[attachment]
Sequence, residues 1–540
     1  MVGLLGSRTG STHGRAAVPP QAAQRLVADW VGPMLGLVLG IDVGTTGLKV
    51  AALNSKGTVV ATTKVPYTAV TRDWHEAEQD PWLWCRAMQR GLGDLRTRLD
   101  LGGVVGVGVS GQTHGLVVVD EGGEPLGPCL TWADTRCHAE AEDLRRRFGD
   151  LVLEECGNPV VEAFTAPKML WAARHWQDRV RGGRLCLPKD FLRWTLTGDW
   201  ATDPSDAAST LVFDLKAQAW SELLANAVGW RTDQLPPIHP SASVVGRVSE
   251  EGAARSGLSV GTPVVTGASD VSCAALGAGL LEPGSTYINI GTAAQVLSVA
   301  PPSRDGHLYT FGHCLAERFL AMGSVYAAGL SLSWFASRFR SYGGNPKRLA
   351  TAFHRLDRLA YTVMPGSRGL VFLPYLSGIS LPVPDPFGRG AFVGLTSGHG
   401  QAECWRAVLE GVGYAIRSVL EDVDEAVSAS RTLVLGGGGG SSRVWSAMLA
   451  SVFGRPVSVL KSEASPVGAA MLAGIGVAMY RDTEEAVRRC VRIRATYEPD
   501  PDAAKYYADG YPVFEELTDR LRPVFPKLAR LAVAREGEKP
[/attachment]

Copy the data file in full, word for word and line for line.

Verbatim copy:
Sequence, residues 1–540
     1  MVGLLGSRTG STHGRAAVPP QAAQRLVADW VGPMLGLVLG IDVGTTGLKV
    51  AALNSKGTVV ATTKVPYTAV TRDWHEAEQD PWLWCRAMQR GLGDLRTRLD
   101  LGGVVGVGVS GQTHGLVVVD EGGEPLGPCL TWADTRCHAE AEDLRRRFGD
   151  LVLEECGNPV VEAFTAPKML WAARHWQDRV RGGRLCLPKD FLRWTLTGDW
   201  ATDPSDAAST LVFDLKAQAW SELLANAVGW RTDQLPPIHP SASVVGRVSE
   251  EGAARSGLSV GTPVVTGASD VSCAALGAGL LEPGSTYINI GTAAQVLSVA
   301  PPSRDGHLYT FGHCLAERFL AMGSVYAAGL SLSWFASRFR SYGGNPKRLA
   351  TAFHRLDRLA YTVMPGSRGL VFLPYLSGIS LPVPDPFGRG AFVGLTSGHG
   401  QAECWRAVLE GVGYAIRSVL EDVDEAVSAS RTLVLGGGGG SSRVWSAMLA
   451  SVFGRPVSVL KSEASPVGAA MLAGIGVAMY RDTEEAVRRC VRIRATYEPD
   501  PDAAKYYADG YPVFEELTDR LRPVFPKLAR LAVAREGEKP